Catch me here for spooky stories, crushable poems, and overall weird thoughts.

Or, let me catch you on my website!

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Comments (8)

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  • Naomi Gold9 days ago

    I will admit, I did a deep dive into your stories a while back and I read Holy… and it just didn’t resonate with me at all. That’s the thing about poetry. If I’m reading nonfiction or fiction, it can be about anything in the world, and as long as it’s well written I’ll enjoy it. But poetry is like music. It doesn’t matter how well written a song is if I’m not feeling the lyrics in my heart. Yellow Wood is a favorite of mine, out of all the poems I’ve read on Vocal—for the simple fact that a boy I loved hung himself. I connected with the topic. It’s well written. But if you wrote a poem for the Sensational challenge about eating a bowl of soup, it could’ve had the most stunning language and I still wouldn’t have given a damn about it. I don’t think Holy is any more self involved than all writing is. I think you’ve always written about what haunts you, which is important. I loved reading these insights into two of your poems along with the story of your writing journey. Everything you write is honest, fiction or not.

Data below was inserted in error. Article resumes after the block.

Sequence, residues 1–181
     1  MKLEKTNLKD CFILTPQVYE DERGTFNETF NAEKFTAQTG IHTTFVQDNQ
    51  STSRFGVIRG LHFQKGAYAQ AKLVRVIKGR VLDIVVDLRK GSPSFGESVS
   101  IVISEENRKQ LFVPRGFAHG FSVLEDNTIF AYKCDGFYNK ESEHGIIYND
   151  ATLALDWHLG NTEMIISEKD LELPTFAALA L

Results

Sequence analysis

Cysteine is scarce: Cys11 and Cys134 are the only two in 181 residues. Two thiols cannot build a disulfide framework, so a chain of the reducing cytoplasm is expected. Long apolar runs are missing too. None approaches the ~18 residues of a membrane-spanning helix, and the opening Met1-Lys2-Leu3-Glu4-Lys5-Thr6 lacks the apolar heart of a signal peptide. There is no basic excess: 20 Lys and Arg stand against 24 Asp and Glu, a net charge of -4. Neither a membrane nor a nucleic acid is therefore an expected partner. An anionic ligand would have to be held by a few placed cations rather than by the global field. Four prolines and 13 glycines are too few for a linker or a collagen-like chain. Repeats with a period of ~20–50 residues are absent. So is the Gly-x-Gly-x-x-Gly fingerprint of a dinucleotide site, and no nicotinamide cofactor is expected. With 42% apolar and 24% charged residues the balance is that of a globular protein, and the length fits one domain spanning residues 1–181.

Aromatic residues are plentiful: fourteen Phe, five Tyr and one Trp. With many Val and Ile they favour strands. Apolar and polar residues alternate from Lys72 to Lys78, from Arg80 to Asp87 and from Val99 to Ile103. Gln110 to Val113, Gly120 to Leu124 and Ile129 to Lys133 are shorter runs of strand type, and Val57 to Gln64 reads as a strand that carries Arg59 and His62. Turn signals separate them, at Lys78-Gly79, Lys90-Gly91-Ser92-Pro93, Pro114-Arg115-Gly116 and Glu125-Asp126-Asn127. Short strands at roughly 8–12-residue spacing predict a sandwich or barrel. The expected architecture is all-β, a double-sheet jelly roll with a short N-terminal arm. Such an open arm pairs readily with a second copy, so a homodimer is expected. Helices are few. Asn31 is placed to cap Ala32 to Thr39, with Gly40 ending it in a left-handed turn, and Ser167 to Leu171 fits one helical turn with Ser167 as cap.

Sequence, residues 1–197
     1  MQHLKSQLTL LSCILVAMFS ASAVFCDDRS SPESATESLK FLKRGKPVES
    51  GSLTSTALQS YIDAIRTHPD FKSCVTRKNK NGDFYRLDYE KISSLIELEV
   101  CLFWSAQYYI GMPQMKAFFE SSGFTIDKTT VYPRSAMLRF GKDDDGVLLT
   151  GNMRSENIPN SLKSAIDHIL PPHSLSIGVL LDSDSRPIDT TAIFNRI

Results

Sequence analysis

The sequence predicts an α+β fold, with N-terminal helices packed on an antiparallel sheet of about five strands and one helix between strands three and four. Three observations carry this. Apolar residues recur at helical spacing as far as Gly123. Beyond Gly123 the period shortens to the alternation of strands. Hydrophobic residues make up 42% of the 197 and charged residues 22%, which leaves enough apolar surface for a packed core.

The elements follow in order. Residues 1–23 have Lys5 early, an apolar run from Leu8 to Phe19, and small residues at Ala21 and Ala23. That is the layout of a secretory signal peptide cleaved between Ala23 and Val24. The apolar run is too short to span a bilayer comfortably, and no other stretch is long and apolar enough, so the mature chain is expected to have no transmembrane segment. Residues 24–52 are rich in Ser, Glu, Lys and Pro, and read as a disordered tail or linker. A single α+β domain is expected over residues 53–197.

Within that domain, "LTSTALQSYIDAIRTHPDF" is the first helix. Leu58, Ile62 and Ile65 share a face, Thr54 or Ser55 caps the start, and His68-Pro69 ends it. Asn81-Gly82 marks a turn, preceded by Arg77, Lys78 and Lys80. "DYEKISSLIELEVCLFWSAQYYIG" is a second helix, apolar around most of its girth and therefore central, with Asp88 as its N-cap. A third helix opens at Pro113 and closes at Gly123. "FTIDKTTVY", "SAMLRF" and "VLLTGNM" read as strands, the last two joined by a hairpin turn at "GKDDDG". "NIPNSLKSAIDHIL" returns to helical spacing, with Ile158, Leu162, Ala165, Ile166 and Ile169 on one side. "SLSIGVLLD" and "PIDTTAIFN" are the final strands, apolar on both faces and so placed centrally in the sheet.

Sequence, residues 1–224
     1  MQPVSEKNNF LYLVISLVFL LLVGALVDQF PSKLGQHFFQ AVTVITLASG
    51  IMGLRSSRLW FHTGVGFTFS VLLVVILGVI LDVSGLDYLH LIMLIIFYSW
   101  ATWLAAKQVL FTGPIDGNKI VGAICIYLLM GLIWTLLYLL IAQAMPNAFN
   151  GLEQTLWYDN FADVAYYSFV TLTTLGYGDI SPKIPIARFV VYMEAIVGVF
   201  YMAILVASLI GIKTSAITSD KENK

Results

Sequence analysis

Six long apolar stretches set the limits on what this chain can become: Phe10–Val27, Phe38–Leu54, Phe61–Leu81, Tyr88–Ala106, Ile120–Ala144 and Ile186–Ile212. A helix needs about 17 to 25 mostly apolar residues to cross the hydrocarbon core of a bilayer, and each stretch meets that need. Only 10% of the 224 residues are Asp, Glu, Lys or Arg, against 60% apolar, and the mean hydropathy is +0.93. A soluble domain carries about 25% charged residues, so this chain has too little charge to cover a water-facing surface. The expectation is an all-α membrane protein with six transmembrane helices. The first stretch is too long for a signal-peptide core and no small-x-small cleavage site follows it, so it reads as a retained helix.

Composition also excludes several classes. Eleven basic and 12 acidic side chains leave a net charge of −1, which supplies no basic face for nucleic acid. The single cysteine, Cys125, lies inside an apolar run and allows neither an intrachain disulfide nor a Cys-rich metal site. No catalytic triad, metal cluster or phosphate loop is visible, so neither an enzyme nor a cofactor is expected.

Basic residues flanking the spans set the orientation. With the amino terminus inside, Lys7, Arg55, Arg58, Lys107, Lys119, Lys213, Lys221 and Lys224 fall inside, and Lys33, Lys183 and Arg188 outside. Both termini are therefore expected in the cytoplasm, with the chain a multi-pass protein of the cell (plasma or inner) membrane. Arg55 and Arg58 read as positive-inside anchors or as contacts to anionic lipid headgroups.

• Alivia Varvel17 days ago

    I have so many thoughts, so I'll just boil it down to this: you are a phenomenal writer, my friend!

  • Kelsey Clarey17 days ago

    This is a beautiful reflection, and I'm definitely going to read the poem now too.

  • Kenny Penn17 days ago

    Great story Suze, and inspiring as well. My experiences with the big questions are different but they’ve been rolling around in my head for quite some time. You’re absolutely right about not being the only one caught in the mire. Thanks for sharing!